Take a globe-circling tour of our endangered planet with conservation biologist Stuart Pimm - who is taking stock and keeping score. We use 50 per cent of the world's freshwater supply. We consume 42 per cent of the world's plant growth. We are liquidating animals and plants 100 times faster than the natural rate of extinction. Such numbers should make it clear that the human impact on our planet has been, and continues to be, extreme and detrimental. Yet even after decades of awareness of our environmental peril, there remains passionate disagreement over what the problems are and how they should be remedied. Much of the impasse stems from the fact that the problems are difficult to quantify. How do we assess the impact of habitat loss on various species, when we haven't even counted them all?And just what factors go into that 42 per cent of biomass we are hungrily consuming? It is only through an understanding of the numbers that we will be able to break that impasse and come to agreement. Working on the front lines of conservation biology, Stuart Pimm is one of the pioneers whose work has put the 'science' in environmental science. In this book, he appoints himself 'investment banker of the global, biological accounts', checking the numbers gathered by tireless scientists in work that is always painstaking and often heartbreaking. Pimm explains the numerical results in lucid prose. With wit, passion, and candor, he reveals the importance of understanding where those numbers come from and what they mean. To do so, he takes the reader on a globe-circling tour of our beautiful, but weary, planet. With Pimm as our indomitable guide, we travel from the volcanic mountains and rainforests of Hawaii to the boreal forests of Siberia. We see a blue whale off the Pacific coast of Mexico, where the blue oceans are slowly turning to barren deserts.We go birdwatching high up in the leafy canopy of the Amazon, from which we can see the hundreds of smoke plumes busily working at deforestation. At times, the view looks rather grim. But Pimm is no Cassandra; he never preaches or scolds. Ever optimistic, this book presents a world filled with mysterious beauty, the infinite variety of nature, and an urgent hope that through an understanding of our planet's environmental past and present, we will be inspired to save it from future extinction. '[T]his book is unashamedly optimistic. It is a celebration of our spectacular and fascinating world. I have made no attempt to restrain my joy as I encounter its natural history and its peoples. By the time you read the epilogue you will know that our world is not doomed, it is not fatally wounded, but neither is it healthy. It needs attention...' - Stuart Pimm, from the Prologue.
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Stuart Pimm, Ph.D., is a professor of conservation biology at the Center for Environmental Research and Conservation at Columbia University in New York. He has been the recipient of a Pew Scholarship for Conservation and the Environment (in 1993) and an Aldo Leopold Leadership Fellowship (in 1999). Very active at the interface between conservation and policy, Pimm has been called upon to testify before both the House and Senate Committees on the re-authorization of the Endangered Species Act, and has been instrumental in the recent major initiative to restore the Florida Everglades. Pimm is the author of more than 150 scientific papers, as well as three books, and numerous popular articles and book reviews in such publications as New Scientist, The Sciences, Nature, and Science. He maintains a very active international lecturing schedule, and appears on television regularly, recently on such shows as ABC News with Peter Jennings, CNN, the Discover Channel, two program on PBS, TV Asahi (Japan), ABC (Australia), and elsewhere. Ed Wilson (of Harvard) and Pimm were the subjects of a BBC Horizon (appears in the USA as PBS's Nova) in 1996 entitled Nature's Numbers. Pimm's activities are routinely reported in the national press (twice on the front page of the New York Times in the last year) and throughout the world. On average, he is interviewed by the press several times each week.From Publishers Weekly:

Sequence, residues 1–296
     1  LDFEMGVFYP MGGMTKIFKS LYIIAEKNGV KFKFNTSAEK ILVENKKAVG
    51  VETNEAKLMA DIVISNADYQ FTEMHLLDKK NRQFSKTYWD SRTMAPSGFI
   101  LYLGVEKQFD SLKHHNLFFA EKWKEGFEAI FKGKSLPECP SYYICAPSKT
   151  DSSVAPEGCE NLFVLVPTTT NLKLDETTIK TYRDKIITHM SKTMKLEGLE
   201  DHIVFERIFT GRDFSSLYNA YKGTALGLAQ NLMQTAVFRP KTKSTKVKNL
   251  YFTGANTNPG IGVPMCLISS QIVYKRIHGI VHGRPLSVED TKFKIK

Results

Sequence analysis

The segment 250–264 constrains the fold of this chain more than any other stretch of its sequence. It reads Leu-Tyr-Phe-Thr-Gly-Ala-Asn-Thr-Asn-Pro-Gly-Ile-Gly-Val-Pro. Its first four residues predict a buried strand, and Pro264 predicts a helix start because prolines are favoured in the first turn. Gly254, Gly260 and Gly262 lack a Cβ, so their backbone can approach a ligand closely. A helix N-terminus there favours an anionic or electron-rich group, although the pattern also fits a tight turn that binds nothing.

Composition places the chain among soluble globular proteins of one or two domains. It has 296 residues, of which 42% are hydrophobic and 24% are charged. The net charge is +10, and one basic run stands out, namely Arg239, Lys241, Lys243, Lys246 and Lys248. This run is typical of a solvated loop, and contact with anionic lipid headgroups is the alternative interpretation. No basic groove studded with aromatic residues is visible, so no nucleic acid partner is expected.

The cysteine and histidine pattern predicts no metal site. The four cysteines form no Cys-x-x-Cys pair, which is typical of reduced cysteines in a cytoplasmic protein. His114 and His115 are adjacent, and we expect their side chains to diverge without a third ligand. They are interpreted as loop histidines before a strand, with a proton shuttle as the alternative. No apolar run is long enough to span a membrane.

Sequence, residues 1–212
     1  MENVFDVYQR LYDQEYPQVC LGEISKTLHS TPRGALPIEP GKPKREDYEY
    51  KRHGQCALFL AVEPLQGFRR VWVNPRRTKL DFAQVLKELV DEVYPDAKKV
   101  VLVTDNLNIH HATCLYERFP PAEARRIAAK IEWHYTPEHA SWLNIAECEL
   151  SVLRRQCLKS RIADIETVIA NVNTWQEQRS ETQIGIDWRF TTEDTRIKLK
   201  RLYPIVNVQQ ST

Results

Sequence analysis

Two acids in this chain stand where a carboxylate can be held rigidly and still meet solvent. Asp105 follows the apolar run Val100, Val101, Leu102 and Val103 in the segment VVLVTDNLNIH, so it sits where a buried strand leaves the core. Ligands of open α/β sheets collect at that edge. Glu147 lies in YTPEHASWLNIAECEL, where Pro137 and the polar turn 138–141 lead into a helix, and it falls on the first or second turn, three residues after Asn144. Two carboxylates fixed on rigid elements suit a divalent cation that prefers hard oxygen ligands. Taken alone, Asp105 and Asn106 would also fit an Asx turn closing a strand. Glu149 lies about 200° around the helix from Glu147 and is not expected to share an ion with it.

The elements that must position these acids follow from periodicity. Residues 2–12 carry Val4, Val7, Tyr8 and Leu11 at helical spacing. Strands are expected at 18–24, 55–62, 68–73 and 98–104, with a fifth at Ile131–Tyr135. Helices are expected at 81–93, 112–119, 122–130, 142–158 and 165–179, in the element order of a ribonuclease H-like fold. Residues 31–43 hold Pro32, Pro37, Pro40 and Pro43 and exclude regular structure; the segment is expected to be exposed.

Calling himself "the investment banker of the global biological accounts," conservation biologist Pimm balances the raw numbers of what the earth produces against what humans take away annually, and, as an accountant might, quietly but insistently draws our attention to long-range projections. The numbers, he finds, do not quite add up. Pimm, who is a professor of conservation biology at Columbia University's Center for Environmental Research and Conservation and who publishes regularly in New Scientist, Nature and Science, is an advocate of conservation policy nationally and abroad, but he is not prone to moralizing. As he writes, "I will not hector you about having many children, driving a large car, eating meat," and yet he says that "the impacts I will describe already seriously degrade the lives of huge numbers of people." With clarity and humor, Pimm cites quantities, such as the one billion tons of plant growth human beings eat each year, the 35% of the oceans' continental shelf productivity they consume and the 60% of accessible freshwater runoff they utilize. Basing his argument on massive numbers like these, and on his own genial but forceful responses to them, Pimm makes a strong case for "ecology on a global scale." Readers reached by this book may just change their habits.
Copyright 2001 Cahners Business Information, Inc.
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Book Description McGraw-Hill, 2001. Hardcover. Book Condition: New. 1. Bookseller Inventory # DADAX0071374906
Book Description McGraw-Hill, 2001. Hardcover. Book Condition: New. book. Bookseller Inventory # M0071374906
Book Description McGraw-Hill, 2001. Hardcover. Book Condition: New. Never used!. Bookseller Inventory # P110071374906